|Publication number||US3178891 A|
|Publication date||Apr 20, 1965|
|Filing date||Mar 16, 1962|
|Priority date||Mar 16, 1962|
|Publication number||US 3178891 A, US 3178891A, US-A-3178891, US3178891 A, US3178891A|
|Inventors||Danesi Caesar M, Lawrance Harold R|
|Original Assignee||Baldwin Lima Hamilton Corp|
|Export Citation||BiBTeX, EndNote, RefMan|
|Patent Citations (10), Referenced by (7), Classifications (8)|
|External Links: USPTO, USPTO Assignment, Espacenet|
H. R. LAWRANCE ETAL 3,178,891
FEEDWATER HEATER April 20, 1965 Filed March 16, 1962 5 Sheets-Sheet 1 TURBINE V I I 10 ll l2 INVENTORS HMOMR, al By UwesarMDanesv w FMMJMM ATTORNEYS April 1965' H. R. LAWRANCE ETAL 3,178,891
FEEDWATER HEATER Filed March 16, 1962 5 Sheets-Sheet 2 HwroZdRLwwm/uwe 01/ BY llaesaz'MDa/nesz/ '5;
Wm, W8: M
ATTORNEYS April 20, 1965' H. R. LAWRANCE ETAL 3,178,891
FEEDWATER HEATER Filed March 16, 1962 5 Sheets-Sheet 3 INVENTORS HaroldRLawrazwg 1 By UweswrMDaaesz/ a ATTORNEYS April 20, 1965 H. R. LAWRANCE ETAL 3,178,891
FEEDWATER HEATER Filed March 16, 1962 5 Sheets-Sheet 4 M a; a 8
i 3 1 m f 5 8 Q\% Kg? 5k INVENTORS 5 N Harold RLwmncq By flaasarMDzuzesp an ATTORNEYS Apfil 20, 1965 Filed March 16, 1962 H. R. LAWRANCE ETAL 3,178,891
FEEDWATER HEATER 5 Sheets-Sheet 5 ATTORNEYS United States Patent 0 f 3,178,891 FEEDWATER HEATER Harold R. Lawrance and Caesar M. Danesi, Massillon,
Ohio, assignors, by mesne assignments, to Baldwin- Lima-Hamilton Corporation, Philadelphia, Pa, a corporation of Pennsylvania Filed Mar. 16, 1962, Ser. No. 180,947 9 Claims. (Cl. 60-67) This invention pertains to feedwater heaters and more particularly it relates to packaged feedwater heaters.
Feedwater heaters are used to take steam from one or more extraction points on a turbine to transfer heat from the steam to the boiler feedwater as the water passes from the main condenser hotwell to the boiler.
The economy of using steam bleed from the main turbine for progressive heating of the condensate or boiler feed on its way to the boiler has long been established. General recognition of this economy has brought about the extensive use of feedwat r heaters in industrial plants and in large central power-generating stations.
A primary problem in feedwater heater design is to provide the most complete and efiicient transfer of heat from the steam in the shell to the water flowing through the heater tubes. To obtain that result the arrangement of the tubes and bafiles in the feedwater heater must assure uniform distribution of the steam without an undue high velocity, and provide adequate condensate drainoff and ample opportunity for venting non-condensible gases. Skillful design is also necessary to prevent vibration of the tubes, to assure ample strength of all parts, tightness of all joints, and ease of inspection, cleaning, and renewal of parts.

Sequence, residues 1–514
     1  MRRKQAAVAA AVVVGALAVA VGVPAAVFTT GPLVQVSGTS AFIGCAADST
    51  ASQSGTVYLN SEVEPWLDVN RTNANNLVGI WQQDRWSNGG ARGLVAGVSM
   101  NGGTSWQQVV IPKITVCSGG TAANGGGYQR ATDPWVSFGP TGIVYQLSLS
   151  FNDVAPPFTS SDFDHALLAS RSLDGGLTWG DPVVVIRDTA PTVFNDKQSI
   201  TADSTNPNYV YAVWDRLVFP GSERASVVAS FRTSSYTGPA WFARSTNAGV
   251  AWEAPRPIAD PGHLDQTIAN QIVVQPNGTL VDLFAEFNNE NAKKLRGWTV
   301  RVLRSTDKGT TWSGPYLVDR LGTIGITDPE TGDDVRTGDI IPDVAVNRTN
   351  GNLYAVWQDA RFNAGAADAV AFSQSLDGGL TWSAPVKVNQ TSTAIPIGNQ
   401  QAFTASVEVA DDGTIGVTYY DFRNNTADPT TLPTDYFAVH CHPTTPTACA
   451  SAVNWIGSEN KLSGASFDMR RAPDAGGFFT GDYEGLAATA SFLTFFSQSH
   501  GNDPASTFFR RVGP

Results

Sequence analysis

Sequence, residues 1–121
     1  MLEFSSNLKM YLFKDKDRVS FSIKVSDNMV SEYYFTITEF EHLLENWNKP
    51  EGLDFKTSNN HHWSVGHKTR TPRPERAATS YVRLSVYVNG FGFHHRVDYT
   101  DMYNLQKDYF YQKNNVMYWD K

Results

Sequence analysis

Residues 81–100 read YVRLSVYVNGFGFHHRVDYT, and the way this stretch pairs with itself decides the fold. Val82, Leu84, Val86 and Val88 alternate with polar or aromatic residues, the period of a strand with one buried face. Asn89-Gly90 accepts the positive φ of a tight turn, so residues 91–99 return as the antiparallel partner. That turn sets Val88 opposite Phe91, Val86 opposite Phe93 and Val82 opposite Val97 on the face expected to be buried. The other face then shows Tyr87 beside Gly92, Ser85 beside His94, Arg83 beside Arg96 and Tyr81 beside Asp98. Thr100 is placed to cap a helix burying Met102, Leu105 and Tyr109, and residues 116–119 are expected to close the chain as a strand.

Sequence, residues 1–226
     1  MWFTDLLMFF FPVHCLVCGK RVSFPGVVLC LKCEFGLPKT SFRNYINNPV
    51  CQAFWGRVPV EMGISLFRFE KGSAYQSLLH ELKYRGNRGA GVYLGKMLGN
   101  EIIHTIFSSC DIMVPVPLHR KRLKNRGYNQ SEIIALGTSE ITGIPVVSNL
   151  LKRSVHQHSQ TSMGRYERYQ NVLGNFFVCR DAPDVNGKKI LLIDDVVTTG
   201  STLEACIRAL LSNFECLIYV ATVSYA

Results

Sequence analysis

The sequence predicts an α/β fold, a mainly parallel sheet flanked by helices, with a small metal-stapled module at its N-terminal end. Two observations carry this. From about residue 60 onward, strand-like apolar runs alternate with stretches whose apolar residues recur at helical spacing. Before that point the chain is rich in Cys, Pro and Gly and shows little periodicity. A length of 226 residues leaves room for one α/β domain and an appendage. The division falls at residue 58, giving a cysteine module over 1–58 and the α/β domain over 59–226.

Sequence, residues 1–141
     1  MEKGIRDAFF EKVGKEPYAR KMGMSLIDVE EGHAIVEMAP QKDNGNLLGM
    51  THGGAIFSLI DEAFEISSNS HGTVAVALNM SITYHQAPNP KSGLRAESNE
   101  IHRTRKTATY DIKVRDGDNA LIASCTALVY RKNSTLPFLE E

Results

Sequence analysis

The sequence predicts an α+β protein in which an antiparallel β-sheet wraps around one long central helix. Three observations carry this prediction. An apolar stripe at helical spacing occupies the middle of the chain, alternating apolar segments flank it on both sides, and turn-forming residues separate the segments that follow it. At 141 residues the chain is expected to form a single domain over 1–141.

A number of feedwater heaters are frequently used in series to achieve greater efiiciency of heat extraction than is possible with a single heater installation. A plurality of low pressure heaters are usually singly mounted in individual shells with a high pressure feedwater pump connected to move the feedwater through the several heaters. In that manner the heaters condense steam as used from the main steam turbine. Such an arrangement involved many conduits or pipes which included extended lengths, turns, inlets, and outlets, as well as extensive insulation and supporting structure. That type of installation is very costly.
In View of the inefliciencies inherent in prior singly mounted feedwater heater installations, it Was desirable to provide a new and dilferent heater arrangement having greater eiiiciency as well as reduced cost of installation and maintenance.
Associated with the foregoing problems has been the gradual development of larger power stations in which the requirements for feedwater heaters increased greatly over prior constructions and as a result required complicated interconnecting conduits. In brief, the requirement of larger power stations simply meant that more valuable space was required in the form of larger floor space and larger housing to contain the installations.
It has been found that a plurality of feedwater heaters can be combined in a single container in which the number of heater units packaged together is dependent upon the need of the user. Such a construction includes individual heater units enclosed in an outer common shell and separated by partition Walls so that the pressure Within each heater is independent of that of adjacent heaters.
Moreover, it has been found that a most efiicient basis for operation of packaged or combined individual heaters 3,l?8,8l Patented Apr. 20, 1965 is to provide the heater units symmetrically on opposite sides of a vertical center wall so that two parallel flow paths for the steam and feedwater are provided. That arrangement involves two separate groups of heaters with each group including two or more heaters through which split streams of steam flow in parallel paths.